By Kimberly Mach
DESCRIPTION: Twelve-year old Ana Rosa is a blossoming writer growing up in the Dominican Republic, a country where words are feared. Yet there is so much inspiration all around her – watching her brother search for a future, learning to dance and to love, and finding out what it means to be part of a community – that Ana Rosa must write it all down. As she struggles to find her own voice and a way to make it heard, Ana Rosa realizes the power of her words to transform the world around her – and to transcend the most unthinkable of tragedies.
MY TWO CENTS: The message here is understanding free speech and the power of words. Even though this is the key to the whole story, I found myself loving the book for other reasons, too.
The Color of My Words, by Lynn Joseph, is told through poetry and prose. The start of each chapter is a poem written by Ana Rosa, with the final poem, The Color of My Words, lending itself to the title.
It was a surprising read for me because I got more than I expected. Reading the novel allowed me a window into Dominican culture in a way that films and textbooks have not. Perhaps it’s that the story is about the lives of one family and their neighbors in one village. Their traditions, their laughter, and their struggles were tangible to me because Lynn Joseph brought those characters to life. When I closed the book the colors and rhythm of the culture stayed with me as much as the message.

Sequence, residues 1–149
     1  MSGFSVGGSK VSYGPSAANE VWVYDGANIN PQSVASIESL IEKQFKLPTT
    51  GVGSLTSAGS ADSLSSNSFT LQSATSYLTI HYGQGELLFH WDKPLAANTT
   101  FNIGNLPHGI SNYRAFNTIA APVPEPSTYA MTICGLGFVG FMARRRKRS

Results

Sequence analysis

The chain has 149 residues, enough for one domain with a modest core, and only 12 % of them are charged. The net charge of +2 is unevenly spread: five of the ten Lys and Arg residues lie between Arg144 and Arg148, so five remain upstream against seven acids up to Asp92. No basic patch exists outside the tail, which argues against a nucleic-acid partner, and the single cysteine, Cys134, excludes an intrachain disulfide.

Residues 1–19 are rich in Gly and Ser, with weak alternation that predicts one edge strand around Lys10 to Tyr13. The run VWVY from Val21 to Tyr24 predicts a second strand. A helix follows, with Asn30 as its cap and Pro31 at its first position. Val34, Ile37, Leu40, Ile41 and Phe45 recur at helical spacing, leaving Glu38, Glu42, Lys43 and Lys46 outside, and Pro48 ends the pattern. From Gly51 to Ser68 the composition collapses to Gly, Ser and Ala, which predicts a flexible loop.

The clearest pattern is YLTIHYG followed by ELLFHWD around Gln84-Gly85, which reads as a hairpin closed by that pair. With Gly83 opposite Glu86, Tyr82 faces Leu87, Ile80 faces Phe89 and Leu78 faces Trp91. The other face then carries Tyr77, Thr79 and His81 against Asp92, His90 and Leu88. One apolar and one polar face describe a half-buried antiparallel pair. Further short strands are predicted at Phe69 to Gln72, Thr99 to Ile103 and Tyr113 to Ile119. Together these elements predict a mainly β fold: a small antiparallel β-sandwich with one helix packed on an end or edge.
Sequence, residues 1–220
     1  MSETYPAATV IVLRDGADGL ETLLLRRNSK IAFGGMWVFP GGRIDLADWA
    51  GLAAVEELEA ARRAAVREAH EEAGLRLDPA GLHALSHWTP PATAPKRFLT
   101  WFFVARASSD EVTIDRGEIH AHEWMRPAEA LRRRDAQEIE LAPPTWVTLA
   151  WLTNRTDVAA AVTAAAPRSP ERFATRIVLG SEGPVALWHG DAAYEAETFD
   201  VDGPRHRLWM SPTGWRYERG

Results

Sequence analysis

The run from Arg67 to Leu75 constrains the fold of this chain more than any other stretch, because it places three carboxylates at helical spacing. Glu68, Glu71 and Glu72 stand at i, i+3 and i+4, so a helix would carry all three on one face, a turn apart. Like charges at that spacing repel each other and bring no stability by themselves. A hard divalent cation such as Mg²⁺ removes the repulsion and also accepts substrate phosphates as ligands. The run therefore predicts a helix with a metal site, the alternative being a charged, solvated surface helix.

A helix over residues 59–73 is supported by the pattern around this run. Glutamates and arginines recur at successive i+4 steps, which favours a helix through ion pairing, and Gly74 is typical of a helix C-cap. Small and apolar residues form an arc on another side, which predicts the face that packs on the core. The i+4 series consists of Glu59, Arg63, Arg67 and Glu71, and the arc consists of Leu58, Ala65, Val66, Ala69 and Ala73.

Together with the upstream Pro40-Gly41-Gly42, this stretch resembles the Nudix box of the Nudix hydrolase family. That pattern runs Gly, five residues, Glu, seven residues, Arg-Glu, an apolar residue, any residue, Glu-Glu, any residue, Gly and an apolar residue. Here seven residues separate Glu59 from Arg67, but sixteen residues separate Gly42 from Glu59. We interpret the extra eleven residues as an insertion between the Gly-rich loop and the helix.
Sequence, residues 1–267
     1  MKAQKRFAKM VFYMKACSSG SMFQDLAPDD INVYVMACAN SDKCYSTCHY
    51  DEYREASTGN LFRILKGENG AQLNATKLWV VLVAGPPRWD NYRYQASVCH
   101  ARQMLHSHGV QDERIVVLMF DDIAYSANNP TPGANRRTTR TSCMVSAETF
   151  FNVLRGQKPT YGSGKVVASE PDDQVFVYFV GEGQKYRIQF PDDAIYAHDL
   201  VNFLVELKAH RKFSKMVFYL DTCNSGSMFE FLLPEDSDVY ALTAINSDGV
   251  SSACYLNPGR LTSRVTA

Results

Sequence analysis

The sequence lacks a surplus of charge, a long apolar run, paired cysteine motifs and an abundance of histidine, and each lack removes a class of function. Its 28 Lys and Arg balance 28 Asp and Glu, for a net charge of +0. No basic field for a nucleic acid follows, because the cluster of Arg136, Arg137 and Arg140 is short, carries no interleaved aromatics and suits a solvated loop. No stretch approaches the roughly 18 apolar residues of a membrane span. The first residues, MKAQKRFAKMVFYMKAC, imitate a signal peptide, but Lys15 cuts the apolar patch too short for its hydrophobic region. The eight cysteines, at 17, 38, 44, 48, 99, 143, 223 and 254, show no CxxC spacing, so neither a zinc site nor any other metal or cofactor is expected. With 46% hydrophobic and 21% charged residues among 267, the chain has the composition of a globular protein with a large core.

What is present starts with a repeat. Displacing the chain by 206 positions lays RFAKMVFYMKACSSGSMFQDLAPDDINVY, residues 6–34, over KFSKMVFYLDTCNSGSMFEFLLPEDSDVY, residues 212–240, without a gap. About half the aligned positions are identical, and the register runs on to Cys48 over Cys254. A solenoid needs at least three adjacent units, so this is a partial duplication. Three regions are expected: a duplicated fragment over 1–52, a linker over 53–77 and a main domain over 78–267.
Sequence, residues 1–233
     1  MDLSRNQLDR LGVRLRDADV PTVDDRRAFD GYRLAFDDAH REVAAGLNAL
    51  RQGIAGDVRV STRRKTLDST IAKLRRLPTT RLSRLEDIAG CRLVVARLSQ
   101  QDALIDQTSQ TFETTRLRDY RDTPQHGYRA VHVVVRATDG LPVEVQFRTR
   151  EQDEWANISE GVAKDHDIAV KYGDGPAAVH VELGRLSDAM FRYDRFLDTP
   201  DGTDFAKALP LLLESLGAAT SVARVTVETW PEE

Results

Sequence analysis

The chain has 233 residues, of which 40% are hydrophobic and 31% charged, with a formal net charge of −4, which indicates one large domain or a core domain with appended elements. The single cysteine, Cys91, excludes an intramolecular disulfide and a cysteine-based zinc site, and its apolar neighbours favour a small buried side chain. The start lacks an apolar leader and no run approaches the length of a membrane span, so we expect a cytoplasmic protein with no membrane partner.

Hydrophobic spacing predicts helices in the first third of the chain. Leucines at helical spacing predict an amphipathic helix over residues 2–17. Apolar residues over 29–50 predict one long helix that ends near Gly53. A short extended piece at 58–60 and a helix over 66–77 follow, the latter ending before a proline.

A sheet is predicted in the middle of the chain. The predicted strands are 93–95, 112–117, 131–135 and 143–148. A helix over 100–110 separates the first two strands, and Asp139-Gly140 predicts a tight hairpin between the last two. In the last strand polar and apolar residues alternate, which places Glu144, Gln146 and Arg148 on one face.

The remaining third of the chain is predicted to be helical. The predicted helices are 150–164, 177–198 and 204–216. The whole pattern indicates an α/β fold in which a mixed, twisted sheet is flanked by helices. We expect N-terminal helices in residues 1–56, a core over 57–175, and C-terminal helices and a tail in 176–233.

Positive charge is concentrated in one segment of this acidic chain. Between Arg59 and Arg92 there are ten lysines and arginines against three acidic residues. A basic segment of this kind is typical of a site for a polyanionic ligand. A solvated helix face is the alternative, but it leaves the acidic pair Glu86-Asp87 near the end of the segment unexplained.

Joseph shows us that there is poverty in the DR, but the people here are not poor. These are, in fact, two different things. For the majority of Dominicans, economic struggle is part of life. It is real and ever-present. In the opening of the story, Ana Rosa says she can’t have a notebook of her own because the cost is equal to “two whole dinners” for her family. Despite this, it’s the richness of life with family and friends that abounds. At the end of every two weeks, on pay day, there is a celebration, a fiesta. “On fiesta days, people forgot their roofs that leaked rain, and the jobs that were closing down, and the tourists that didn’t come this year, and how much they missed husbands and brothers who worked hard in Nueva York and sent money home by Western Union. On fiesta days, there were no problemas!”
One of the most memorable moments of the book for me is when Ana Rosa shares with us what it is like to dance the merengue on these fiesta days. She describes the music that flows through the limbs of her Papi, straight into the ground, and how one seems to pull the beat from the other. It is a unique point of view because Ana Rosa cannot dance. When others dance at fiesta Ana Rosa serves food and takes care of the babies. It is her father, her Papi, who finally teaches her how to feel the music, a music that is a constant rhythm in the lives of her family and neighbors. In a moving scene that takes the reader from the back porch to the beach near their home, Papi teaches Ana Rosa to feel the world around her, to listen to the sea and find the rhythms there.